L.A. to cancel overcharges on GWP bills

Even Glendale Water & Power has issues with its bills from a utility company — and has to complain to get them fixed.

After years of back-and-forth with the city of Los Angeles, members of the Glendale City Council announced this week after a closed-session meeting that they have settled a dispute with the Los Angeles Department of Water & Power regarding bill overcharges.

Los Angeles officials have agreed to waive the overcharges as well as give Glendale Water & Power a 50% discount on some of its future billings, according to the announcement made during a City Hall meeting this week.

The settlement must still be signed by representatives from both cities before it becomes official.

Glendale Water & Power imports power that residents use to turn on their lights and other electronics from several sources across the country, such as power plants in Utah and Nevada. That power is delivered to the utility through three transmission lines owned by the Los Angeles Department of Water & Power. Glendale pays Los Angeles a fee for using those three lines.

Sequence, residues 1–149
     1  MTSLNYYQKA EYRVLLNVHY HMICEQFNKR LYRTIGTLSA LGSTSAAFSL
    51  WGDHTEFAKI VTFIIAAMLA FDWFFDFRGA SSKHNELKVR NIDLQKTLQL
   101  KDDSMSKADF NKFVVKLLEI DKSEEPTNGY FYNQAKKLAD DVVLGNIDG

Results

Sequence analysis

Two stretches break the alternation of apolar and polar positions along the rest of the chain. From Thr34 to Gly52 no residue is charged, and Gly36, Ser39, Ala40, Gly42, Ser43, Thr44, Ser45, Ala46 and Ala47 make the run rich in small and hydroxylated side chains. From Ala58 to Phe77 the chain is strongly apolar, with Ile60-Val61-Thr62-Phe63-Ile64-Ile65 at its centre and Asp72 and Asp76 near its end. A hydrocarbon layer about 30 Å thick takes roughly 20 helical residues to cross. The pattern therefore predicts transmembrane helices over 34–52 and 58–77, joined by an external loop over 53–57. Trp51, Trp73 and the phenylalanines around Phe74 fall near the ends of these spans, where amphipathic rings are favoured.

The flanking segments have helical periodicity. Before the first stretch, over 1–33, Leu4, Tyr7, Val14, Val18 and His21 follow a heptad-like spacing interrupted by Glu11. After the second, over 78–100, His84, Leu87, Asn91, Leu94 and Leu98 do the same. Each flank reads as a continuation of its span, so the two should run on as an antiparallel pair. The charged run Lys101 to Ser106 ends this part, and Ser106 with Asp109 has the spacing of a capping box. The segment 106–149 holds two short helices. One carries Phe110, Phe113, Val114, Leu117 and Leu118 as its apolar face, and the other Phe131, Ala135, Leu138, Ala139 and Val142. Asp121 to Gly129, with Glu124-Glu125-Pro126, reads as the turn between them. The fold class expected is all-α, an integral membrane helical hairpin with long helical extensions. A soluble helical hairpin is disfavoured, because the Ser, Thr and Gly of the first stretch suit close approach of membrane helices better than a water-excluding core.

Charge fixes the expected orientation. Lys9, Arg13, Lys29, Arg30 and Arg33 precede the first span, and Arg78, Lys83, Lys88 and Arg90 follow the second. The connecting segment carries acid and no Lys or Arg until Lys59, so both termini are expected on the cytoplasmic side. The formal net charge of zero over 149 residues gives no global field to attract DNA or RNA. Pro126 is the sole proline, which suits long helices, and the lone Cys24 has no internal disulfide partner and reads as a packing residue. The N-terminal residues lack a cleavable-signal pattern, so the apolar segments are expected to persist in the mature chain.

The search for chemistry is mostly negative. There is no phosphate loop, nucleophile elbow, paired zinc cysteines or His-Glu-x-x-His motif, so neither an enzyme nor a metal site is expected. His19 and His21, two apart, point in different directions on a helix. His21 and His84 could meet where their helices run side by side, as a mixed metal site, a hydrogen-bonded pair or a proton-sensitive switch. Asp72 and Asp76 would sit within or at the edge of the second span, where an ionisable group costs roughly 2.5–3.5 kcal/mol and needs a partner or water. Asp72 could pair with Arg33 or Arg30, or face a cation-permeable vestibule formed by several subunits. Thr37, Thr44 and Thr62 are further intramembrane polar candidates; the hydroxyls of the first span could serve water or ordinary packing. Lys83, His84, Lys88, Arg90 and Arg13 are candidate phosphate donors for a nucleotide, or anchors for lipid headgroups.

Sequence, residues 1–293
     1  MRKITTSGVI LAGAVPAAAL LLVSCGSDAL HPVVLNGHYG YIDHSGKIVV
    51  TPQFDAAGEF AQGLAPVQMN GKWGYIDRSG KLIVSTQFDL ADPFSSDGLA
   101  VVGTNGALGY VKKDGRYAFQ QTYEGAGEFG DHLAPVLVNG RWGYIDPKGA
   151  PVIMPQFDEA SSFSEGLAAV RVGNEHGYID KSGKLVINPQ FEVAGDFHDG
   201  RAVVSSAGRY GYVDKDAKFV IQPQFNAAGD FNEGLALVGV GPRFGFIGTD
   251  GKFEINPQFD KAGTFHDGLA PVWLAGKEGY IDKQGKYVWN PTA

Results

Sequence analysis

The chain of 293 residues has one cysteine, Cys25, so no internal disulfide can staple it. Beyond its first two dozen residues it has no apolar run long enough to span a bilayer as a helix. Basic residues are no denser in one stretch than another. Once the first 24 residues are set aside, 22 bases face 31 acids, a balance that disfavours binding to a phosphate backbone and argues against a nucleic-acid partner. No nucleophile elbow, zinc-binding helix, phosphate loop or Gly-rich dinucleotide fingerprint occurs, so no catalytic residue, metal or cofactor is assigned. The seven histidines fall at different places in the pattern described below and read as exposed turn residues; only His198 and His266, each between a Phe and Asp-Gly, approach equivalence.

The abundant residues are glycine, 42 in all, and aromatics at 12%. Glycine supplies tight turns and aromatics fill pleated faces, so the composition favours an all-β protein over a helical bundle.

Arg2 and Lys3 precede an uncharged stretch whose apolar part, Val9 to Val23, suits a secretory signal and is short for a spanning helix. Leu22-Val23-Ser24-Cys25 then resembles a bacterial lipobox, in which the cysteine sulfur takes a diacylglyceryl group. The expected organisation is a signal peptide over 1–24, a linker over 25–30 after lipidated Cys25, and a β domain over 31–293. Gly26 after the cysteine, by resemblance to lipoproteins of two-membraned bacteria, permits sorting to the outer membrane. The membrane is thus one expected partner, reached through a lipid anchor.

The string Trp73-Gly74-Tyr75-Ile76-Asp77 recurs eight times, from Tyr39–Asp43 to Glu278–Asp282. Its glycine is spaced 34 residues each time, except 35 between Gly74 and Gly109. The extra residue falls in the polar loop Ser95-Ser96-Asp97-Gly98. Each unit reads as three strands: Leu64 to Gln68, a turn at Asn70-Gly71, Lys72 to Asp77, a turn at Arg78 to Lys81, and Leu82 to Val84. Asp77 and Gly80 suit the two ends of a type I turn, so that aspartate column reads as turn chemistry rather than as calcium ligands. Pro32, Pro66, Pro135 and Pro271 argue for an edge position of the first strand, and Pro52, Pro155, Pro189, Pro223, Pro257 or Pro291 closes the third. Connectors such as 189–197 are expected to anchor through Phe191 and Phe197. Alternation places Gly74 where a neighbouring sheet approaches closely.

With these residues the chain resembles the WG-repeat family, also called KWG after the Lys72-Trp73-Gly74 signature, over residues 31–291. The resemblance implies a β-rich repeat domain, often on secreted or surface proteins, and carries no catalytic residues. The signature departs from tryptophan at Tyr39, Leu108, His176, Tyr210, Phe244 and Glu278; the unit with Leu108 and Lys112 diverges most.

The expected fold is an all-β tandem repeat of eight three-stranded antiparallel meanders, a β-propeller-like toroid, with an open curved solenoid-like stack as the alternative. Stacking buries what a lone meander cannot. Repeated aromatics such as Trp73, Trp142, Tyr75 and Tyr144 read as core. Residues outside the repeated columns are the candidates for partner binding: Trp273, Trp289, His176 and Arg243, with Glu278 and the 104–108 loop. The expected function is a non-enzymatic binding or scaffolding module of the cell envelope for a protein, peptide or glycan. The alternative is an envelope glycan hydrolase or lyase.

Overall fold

But in 2008 and 2009, Glendale officials noticed that some bills were higher than what they had normally paid to use the transmission lines.

Glendale usually spends nearly $1.2 million to use the Los Angeles-owned transmission lines, but the bills were roughly doubling Glendale’s normal monthly costs, said Steve Lins, chief assistant general manager of power and support services at Glendale Water & Power, in a phone interview Thursday.

As a result, Glendale complained and filed a claim with the city of Los Angeles. The two sides have been discussing the issue for some time and they’ve finally come to an agreement.

Los Angeles charged Glendale more than normal because it was no longer allowing the Glendale utility to lump all of its transmissions together across the three lines. For decades, Glendale had been aggregating its transmissions to make up its 114 megawatt limit, but Los Angeles said each line had an individual cap that could not be lumped together. If Glendale went over that, it would have to pay a separate fee.

As part of the settlement, the extra 2008 and 2009 charges will be cancelled. However, one perk Glendale used to enjoy, netting transmitted power, will be cut. That means Glendale can no longer send, for example, 200 megawatts of power over the lines and receive 100 megawatts and only be responsible for the netted difference, or 100 megawatts of power.


Follow Brittany Levine on Google+ and on Twitter: @brittanylevine.


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